Pep Guardiola has never been able to escape the accusation that he owes his two Champions League titles as Barcelona coach to Lionel Messi, so the Manchester City manager might need to prepare for the same assessment of Erling Haaland if he ends a 12-year wait to win his third on Saturday against Inter Milan.
It’s a harsh appraisal of Guardiola to suggest that his success in the Champions League has relied heavily on his team boasting the world’s best player at the time. But, equally, since leaving Barcelona in 2012, the 52-year-old has been unable win to the competition despite three seasons with Bayern Munich and six attempts, prior to this season, with City. He is now one game away from winning the Champions League at the seventh time of asking with City, but this time around, he has Haaland taking the Messi role as the one player who has proven to be unstoppable this season, with 52 goals in 52 games.
Messi was the X-factor in Guardiola’s great Barcelona teams — the Argentina forward was similarly central to Luis Enrique’s team when they achieved a treble in 2015 — and Haaland is the same for City now. The Norway international was signed for €60 million from Borussia Dortmund last summer as the missing ingredient in City’s Champions League quest — a reality the player admitted this week.
“This is why they bought me of course, to get this [Champions League],” Haaland told the BBC. “We don’t have to hide that.”
Guardiola’s two Champions League-winning teams at Barcelona and this season’s treble-chasing City side are about more than just one superstar player, but recent Champions League history also shows that, to win it, you need a forward who scores against all opponents in the biggest of games. When Barcelona won the Champions League in 2008-09, Messi scored nine goals in the competition and registered five assists — 14 goal involvements. Two years later, when Barca were crowned European champions again, he scored 12 goals and registered three assists — one better than in 2009.
This season, Haaland has already scored 12 Champions League goals for City, with one assist, and his goals alone have taken Guardiola’s team to a new level. In each of Guardiola’s six previous seasons as City manager, no player has come close to breaking the 10-goal barrier in the Champions League.
Winger Riyad Mahrez registered the highest return for Guardiola’s side with seven goals in last season’s competition. A year earlier, Ferran Torres was City’s top scorer with four goals, while Raheem Sterling (six goals, 2019-20), Sergio Aguero (six in 2018-19), Gabriel Jesus (four in 2017-18) and Aguero again (five in 2016-17) emerged as top scorers with relatively low totals in Guardiola’s other seasons with City.
When Manchester United won their third Champions League title in 2007-08, Cristiano Ronaldo top scored for Sir Alex Ferguson’s side with eight goals and one assist, but it has become rare for a team to be successful in the competition without a striker as prolific as Messi or Haaland. Liverpool proved to be an exception in 2018-19 when they won their sixth Champions League with Mohamed Salah scoring just five goals and registering two assists, although Roberto Firmino and Sadio Mane weighed in with four goals each.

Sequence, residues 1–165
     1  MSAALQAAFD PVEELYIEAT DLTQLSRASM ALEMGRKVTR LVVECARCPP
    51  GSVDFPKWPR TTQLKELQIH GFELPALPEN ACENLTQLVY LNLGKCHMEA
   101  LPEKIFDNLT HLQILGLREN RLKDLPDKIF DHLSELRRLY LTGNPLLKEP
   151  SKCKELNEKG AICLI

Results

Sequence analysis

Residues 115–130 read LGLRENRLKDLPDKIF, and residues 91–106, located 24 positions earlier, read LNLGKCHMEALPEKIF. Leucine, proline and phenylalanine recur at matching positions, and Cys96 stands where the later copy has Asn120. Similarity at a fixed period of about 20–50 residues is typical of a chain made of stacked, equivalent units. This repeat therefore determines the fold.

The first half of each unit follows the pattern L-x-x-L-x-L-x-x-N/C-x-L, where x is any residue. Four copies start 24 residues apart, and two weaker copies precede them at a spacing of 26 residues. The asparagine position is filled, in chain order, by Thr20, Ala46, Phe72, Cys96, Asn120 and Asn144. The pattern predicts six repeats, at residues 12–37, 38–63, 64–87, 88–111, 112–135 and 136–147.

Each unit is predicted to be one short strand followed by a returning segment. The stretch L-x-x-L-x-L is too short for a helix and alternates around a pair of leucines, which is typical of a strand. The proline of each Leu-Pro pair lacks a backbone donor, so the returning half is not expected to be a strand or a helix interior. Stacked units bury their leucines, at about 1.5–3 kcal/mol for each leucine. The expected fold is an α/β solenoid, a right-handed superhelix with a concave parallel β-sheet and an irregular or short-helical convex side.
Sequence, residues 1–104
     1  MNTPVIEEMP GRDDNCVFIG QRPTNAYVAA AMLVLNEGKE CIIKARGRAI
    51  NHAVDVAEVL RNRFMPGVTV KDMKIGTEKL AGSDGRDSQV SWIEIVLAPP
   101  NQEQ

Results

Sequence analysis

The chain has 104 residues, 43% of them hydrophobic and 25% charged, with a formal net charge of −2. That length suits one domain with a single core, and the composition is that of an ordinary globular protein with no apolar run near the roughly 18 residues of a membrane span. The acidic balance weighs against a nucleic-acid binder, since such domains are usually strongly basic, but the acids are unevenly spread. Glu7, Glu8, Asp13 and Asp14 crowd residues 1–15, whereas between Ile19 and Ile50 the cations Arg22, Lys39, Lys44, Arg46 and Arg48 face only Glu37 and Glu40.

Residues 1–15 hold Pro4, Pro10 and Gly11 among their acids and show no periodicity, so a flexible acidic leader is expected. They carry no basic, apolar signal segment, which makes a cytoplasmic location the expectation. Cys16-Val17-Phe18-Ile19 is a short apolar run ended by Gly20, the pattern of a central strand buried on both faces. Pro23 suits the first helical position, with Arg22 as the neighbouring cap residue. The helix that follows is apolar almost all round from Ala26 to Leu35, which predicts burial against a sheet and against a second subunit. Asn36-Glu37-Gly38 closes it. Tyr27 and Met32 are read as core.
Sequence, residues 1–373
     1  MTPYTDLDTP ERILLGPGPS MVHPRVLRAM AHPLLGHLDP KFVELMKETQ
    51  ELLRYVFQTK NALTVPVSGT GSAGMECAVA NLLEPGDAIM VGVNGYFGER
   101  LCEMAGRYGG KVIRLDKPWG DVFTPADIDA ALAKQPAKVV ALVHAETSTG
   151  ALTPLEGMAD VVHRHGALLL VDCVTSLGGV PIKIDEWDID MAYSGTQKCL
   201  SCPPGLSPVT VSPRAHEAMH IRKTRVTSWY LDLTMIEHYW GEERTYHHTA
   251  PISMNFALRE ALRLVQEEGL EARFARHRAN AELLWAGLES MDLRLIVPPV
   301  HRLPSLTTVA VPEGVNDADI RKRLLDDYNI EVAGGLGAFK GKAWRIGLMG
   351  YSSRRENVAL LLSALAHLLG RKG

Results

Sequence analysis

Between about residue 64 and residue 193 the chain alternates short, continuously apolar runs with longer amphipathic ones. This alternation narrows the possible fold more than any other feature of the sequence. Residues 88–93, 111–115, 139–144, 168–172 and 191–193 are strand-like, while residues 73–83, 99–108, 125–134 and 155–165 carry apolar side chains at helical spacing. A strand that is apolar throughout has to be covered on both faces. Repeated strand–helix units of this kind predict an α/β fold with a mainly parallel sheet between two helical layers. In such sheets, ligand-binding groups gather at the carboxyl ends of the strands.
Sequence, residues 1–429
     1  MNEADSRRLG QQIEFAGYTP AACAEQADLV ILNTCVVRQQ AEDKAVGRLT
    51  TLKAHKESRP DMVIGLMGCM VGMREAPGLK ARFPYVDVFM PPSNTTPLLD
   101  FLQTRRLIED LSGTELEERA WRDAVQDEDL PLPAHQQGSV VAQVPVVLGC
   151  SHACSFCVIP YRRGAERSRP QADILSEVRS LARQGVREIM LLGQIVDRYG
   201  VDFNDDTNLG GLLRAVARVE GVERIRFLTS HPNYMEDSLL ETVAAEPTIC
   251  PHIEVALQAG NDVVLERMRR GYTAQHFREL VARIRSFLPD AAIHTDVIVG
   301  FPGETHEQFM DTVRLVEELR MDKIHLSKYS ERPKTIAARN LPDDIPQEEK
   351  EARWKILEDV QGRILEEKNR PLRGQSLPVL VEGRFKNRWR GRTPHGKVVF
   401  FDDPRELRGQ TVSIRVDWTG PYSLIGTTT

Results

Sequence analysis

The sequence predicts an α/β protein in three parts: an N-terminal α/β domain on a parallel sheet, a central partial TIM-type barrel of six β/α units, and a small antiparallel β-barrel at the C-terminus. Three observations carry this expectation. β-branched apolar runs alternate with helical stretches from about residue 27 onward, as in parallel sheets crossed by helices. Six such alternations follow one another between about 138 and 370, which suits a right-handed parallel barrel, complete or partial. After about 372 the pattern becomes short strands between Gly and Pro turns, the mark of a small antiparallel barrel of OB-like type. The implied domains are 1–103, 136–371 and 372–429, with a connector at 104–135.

In 2013-14, Cristiano Ronaldo scored 17 goals, with four assists, on the way to helping Real Madrid win the competition, while Messi scored 10 and produced five assists a year later as Barca won their third Champions League in six years. With Madrid then dominating the competition by winning three consecutive Champions Leagues under Zinedine Zidane, Ronaldo was their clutch forward in each season. In 2015-16, he scored 16 goals with four assists. A year later, he scored 12 with five assists, and then in 2017-18, the Portugal forward scored 15 and created three assists. Even without Ronaldo, Madrid still had a player to regularly score goals when it mattered to win their 14th European Cup last season with Karim Benzema scoring 15 goals and creating two assists.
City’s repeated failure prior to this season has been in part due to their inability to pull clear of opponents by taking advantage of half-chances to score in tight games. They often suffered exits by one-goal margins or on the old away goals rule after ties finished level on aggregate.
Haaland has been their game-changer, both in terms of volume and importance of his goals, scoring in both legs of the 4-1 aggregate quarterfinal win against Bayern Munich. He didn’t score over two games against Madrid in the semis, but his mere presence on the pitch ensured more space for his attacking teammates to score in an emphatic 5-1 aggregate win.
City and Guardiola knew what they were getting when they signed Haaland. He now has 35 goals in 29 Champions League appearances at the age of 22, and official UEFA statistics show that, with 18 first-half goals and 17 in the second half, he is dangerous throughout the 90 minutes. He is the fastest player to 20 goals in Champions League history (14 games) and also to 30 goals (25 games.)
Only Sebastien Haller (six games) scored 10 goals in the competition quicker than Haaland, who took seven games to reach that mark. Ruud van Nistelrooy’s record of 40 goals in 45 games looks certain to be the next one to fall to Haaland, while he could become the youngest, too, if he manages it before Kylian Mbappe’s mark of 23 years and 317 days.
Just as Messi’s peerless talent provided rocket fuel for Guardiola’s Barcelona, Haaland’s is having the same impact on Guardiola’s City. But that’s why City signed him. He is simply doing what he was expected to do — score the goals to win the Champions League.
Why Haaland is Guardiola’s next Messi and key to UCL run